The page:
Perspectives on Change from a Dublin-dwelling northern Prod

I am a Northern Irish Protestant who has lived in Dublin for the past twenty five years. I am proud to be from the Protestant community and proud to be from Northern Ireland. But I have never been so proud to be part of a society, as I have been to be part of the Republic of Ireland in recent years. A society that voted, myself included, in favour of marriage equality and a woman’s right to choose. I have a friend … Read more

Reflecting on motherhood and transgenerational trauma…

Today I’m preparing for my 11th meeting with the World Mental Health Survey initiative, in Harvard. At my first meeting in 2005, Professor Brendan Bunting, Dr Sam Murphy and myself were planning the NI study of Health and Stress (NISHS), the largest study of mental health in NI, and part of an incredible initiative, which studied the rates of mental illness, treated and hidden, in countries all over the world. In 2005, we were having discussed whether people here would … Read more

Theresa May claims to be a proponent of gay rights, and no doubt she is, in other parts of the UK. In Northern Ireland, however, she is countenance to their denial

By Eoin Tennyson A British Government survey of 108,000 LGBT individuals has affirmed that discrimination on grounds of sexual orientation and gender identity is still alive and kicking across the UK. Two-thirds of those surveyed fear holding their partner’s hand in public while five percent have been offered controversial “conversion” therapy. These results may shock some in England, Scotland and Wales; but they are all too recognisable for those of us here in Northern Ireland. The Tories’ LGBT Action Plan … Read more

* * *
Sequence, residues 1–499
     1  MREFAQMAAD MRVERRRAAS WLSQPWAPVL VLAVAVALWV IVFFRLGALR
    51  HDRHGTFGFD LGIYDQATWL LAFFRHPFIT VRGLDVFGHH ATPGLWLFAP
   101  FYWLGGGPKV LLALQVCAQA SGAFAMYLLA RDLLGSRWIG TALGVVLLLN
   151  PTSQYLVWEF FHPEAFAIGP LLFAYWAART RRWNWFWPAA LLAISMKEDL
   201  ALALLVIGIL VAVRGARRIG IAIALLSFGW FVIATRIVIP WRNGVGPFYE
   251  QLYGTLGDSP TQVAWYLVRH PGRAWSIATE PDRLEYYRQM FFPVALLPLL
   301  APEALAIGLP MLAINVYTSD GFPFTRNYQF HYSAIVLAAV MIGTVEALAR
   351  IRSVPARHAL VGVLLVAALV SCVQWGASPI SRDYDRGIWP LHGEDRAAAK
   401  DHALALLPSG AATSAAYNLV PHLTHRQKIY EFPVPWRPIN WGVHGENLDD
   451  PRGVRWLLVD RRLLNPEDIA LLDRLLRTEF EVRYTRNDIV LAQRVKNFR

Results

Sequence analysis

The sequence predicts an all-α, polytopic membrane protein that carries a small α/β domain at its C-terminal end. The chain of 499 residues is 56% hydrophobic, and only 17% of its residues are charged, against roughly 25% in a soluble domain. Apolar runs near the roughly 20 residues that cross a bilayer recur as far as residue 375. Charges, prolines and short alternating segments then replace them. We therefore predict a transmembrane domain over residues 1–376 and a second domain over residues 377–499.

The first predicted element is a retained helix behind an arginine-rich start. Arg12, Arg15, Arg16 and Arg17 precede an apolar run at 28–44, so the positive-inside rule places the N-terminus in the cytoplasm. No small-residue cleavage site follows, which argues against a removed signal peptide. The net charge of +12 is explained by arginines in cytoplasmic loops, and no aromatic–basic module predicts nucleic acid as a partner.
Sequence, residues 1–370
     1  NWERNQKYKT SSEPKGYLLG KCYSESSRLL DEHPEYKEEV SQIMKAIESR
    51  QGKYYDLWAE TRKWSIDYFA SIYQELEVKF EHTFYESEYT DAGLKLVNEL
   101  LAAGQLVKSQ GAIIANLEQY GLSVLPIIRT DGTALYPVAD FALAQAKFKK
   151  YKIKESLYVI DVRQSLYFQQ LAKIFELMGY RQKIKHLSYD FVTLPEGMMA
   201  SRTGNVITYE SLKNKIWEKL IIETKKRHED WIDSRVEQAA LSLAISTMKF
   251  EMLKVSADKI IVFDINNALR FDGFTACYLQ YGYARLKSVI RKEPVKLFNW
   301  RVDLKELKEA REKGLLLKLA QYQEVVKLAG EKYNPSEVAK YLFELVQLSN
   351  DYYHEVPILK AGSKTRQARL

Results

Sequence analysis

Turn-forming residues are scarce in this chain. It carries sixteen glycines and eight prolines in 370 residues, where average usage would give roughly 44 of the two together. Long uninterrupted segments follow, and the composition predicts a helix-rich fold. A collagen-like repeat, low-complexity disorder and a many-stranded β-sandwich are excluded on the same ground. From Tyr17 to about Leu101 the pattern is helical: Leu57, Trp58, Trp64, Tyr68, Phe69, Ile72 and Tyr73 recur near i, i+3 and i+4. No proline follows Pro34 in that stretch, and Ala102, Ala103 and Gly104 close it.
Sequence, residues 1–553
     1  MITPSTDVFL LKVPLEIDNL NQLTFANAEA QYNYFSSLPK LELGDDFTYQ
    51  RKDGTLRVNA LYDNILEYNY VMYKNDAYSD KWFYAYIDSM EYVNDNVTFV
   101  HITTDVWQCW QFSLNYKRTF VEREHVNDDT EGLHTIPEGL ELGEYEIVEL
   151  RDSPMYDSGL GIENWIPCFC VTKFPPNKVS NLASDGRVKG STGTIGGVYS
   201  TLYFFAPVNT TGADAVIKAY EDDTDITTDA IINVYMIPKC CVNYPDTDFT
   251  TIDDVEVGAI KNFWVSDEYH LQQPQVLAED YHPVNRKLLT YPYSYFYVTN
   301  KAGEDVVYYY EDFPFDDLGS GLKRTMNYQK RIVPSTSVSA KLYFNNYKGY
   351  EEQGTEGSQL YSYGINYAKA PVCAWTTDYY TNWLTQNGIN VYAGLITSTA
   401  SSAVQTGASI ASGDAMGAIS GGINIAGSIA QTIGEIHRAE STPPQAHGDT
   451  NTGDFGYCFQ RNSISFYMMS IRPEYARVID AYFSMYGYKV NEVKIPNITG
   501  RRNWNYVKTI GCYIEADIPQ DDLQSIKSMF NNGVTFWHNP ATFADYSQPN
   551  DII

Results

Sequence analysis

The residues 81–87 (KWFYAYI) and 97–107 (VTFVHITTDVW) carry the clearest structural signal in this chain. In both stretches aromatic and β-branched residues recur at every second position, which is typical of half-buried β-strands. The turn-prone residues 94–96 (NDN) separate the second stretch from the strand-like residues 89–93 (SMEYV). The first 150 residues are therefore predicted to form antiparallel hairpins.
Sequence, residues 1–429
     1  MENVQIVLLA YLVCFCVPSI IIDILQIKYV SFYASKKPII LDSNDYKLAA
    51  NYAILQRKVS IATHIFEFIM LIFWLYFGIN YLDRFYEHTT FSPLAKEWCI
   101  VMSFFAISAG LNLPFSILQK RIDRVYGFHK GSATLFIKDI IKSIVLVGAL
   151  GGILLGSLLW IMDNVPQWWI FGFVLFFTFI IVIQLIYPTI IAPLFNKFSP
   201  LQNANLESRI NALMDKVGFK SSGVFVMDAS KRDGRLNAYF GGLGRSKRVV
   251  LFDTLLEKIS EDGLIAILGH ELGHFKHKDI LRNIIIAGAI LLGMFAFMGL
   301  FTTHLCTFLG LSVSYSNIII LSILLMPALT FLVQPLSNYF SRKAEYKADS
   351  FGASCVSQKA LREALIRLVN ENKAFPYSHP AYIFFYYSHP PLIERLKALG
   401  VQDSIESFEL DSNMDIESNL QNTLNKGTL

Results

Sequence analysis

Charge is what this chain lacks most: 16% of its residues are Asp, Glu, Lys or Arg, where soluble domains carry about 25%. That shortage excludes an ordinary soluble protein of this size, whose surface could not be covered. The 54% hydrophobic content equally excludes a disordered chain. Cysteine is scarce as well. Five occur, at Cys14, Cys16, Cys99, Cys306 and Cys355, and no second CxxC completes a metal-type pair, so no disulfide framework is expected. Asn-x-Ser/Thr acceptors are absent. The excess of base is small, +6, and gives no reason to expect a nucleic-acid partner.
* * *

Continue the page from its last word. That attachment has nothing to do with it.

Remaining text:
SOAPBOX: A Cry from the Heart

232 Presbyterian ministers and elders respond to decisions taken at June 2018’s General Assembly with a statement – ’A Cry from the Heart‘: As teaching and ruling elders in the Presbyterian Church in Ireland, we acknowledge, and indeed share, the profound sense of hurt, dismay and anger currently being expressed in the wake of decisions taken at our 2018 General Assembly. This level of feeling is unprecedented in our pastoral experience …

C’mon Arlene – Take action and start the journey of reconciliation with our community

Malachái O’Hara is the Green party rep for north Belfast, and LGBTQ activist. He was the vice chair of the equal marriage campaign and sits on the board of a suicide prevention charity.  On Monday 18th June, the Belfast Telegraph carried a front page headline that Former First Minister and current DUP leader Arlene Foster would attend an LGBT event. Despite repeated years of invitations by local LGBTQ groups, Arlene, as part of her continuing charm offensive (a well received visit … Read more

Young People Not Immune to Political Deadlock

Paul McCusker is the SDLP Councillor for Oldpark Twenty years on from the Good Friday Agreement, the ceasefire generation – for the most part – live a peaceful and prosperous life, free from the violence and the heartache of the past. There is however a forgotten generation; a generation who still feel the weight of living in areas controlled by paramilitaries, whose parents and grandparents lost their lives in the conflict, who live in communities barricaded by “peace” walls, who … Read more

Soapbox: Connal Parr on Mythmaking, Identity and Ulster Protestant Cultures

Dr Connal Parr is Vice Chancellor’s Research Fellow in the Humanities at Northumbria University. His research emphasises the interconnectedness of history, politics, and culture. His book ‘Inventing the Myth’ viewed local political developments and recent history through the prism of dramatists and writers and was inspired by his doctoral research. On the evening of Tuesday 22 May, the Irish Department of Foreign Affairs generously sponsored an event on the themes of my book Inventing the Myth: Political Passions and the … Read more